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Address at the Commemoration of Benefactors

7 February 2007

The Rev'd Professor George Newlands (Dean of Trinity Hall 1982-1986)

In the name of God…

(Jn 3.16.)  

Benefaction is a good thing.  It is better to give than to receive – though perhaps not if it is a peerage.  Academic institutions in the UK are waking up to the painful fact that we do not have a culture of giving on the same level as exists in the United States, and so our research suffers in proportion to our funding deficiencies. Heads of academic institutions are increasingly charged with the primary task of fund raising . If we are to move further up the league table of the world’s top universities – without which there will be no entrance to the Kingdom of heaven – not to mention Goldman Sachs, we need more financial muscle.  We  begin to feel uncomfortable. Talking of the Kingdom, we  discover that the Church of England is now so impoverished that our leaders have to avoid  giving offence to wealthy  pressure groups, in order to stay afloat.  Think of Jesus secluded in the wilderness,  writing out grant proposals to the Herod Family  Research Foundation.

Without benefactors we should not have the  unquestionable delights of Trinity Hall today, architectural, cultural,  intellectual and social. Without the crusading Bishop Bateman,  perhaps a kind of fourteenth century cross between Donald Rumsfeld and  Pat Robertson, without  the rather improbable  Sir Nathaniel Lloyd, without the decent and generous Dr Eden,  we should not be contemplating this chapel of sanctified memory and the prospect of  memorable dinners. As a college we have reason  to be grateful for the provision of that five letter word which churches are reluctant to mention- money. Without resources visions remain unrealised, ivory tower pipedreams: in the real world  the hungry remain unfed. As individuals we are only too aware of how much we depend on funds.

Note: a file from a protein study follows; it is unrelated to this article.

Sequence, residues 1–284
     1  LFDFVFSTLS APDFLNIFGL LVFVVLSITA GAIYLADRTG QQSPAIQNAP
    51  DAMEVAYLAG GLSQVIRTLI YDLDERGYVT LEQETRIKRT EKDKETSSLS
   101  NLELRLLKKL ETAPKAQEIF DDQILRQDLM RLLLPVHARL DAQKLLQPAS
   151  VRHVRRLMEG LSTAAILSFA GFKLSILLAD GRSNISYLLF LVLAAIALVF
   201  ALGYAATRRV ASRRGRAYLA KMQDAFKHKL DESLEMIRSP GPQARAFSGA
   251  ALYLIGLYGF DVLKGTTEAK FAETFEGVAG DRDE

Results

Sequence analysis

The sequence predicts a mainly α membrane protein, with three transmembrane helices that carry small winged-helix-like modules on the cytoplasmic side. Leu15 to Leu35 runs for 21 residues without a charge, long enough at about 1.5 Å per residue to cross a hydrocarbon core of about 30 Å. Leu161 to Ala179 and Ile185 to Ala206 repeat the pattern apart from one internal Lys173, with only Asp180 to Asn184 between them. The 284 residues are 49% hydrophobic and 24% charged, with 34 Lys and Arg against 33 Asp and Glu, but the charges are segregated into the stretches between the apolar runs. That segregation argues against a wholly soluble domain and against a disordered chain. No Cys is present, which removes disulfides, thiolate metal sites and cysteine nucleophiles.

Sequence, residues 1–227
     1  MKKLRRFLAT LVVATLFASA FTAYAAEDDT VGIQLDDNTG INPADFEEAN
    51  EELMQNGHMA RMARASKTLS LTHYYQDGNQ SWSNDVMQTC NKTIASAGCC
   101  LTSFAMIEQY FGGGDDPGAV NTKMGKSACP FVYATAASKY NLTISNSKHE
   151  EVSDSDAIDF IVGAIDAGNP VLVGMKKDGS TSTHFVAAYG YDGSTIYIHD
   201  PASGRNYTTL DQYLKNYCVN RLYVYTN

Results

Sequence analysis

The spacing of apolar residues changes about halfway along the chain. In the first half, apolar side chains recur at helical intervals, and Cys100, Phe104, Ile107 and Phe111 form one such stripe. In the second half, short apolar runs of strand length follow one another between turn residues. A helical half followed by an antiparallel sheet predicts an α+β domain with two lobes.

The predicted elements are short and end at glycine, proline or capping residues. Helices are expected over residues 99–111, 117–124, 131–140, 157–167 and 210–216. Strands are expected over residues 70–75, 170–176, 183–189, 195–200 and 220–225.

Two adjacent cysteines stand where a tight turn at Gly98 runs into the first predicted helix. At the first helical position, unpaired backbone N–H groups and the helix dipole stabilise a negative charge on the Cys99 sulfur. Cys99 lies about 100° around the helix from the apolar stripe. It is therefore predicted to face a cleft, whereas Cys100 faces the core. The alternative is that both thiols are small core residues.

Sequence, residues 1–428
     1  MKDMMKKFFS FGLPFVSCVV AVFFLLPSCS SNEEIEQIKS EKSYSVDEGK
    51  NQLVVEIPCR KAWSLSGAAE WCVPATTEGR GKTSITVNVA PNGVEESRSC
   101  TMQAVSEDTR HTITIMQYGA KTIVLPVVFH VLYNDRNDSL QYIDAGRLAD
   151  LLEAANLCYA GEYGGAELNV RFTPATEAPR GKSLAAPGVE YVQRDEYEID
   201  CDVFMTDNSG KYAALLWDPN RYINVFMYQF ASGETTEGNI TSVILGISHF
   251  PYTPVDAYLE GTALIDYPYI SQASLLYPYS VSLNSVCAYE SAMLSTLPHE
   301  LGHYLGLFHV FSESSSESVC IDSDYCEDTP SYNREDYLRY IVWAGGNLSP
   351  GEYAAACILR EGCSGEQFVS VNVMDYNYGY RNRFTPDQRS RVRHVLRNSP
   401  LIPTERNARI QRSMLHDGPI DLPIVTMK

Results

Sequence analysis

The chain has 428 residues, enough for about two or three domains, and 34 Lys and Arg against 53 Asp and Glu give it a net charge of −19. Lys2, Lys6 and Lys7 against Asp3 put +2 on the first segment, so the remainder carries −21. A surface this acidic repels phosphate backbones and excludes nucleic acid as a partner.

Yet the benefactions that we receive personally are very often of a different kind.There are  the imperceptible acts of concern and thoughtfulness which cumulatively enrich our lives in so many ways. There are the friendships and the collegiality which create the most positive aspects of our working lives. There are the     

gestures of love and affection which create the most basic foundations of our personal and family lives. In Trinity Hall I would guess that most if not all of us have had tangible and enduring experiences of this kind of basic benefaction. I certainly have, as my life has been touched at various points - by the great and the good,   by the less great but still good,  by the moderately great and tolerably good. Indeed I have been  lucky in this place to have experienced the  undeserved friendship of a number of amazingly generous people – whom I shall not embarrass, in life or in death, by naming them here and now. So yes, it is meet right and our bounden duty to commemorate our benefactors, and to mean it.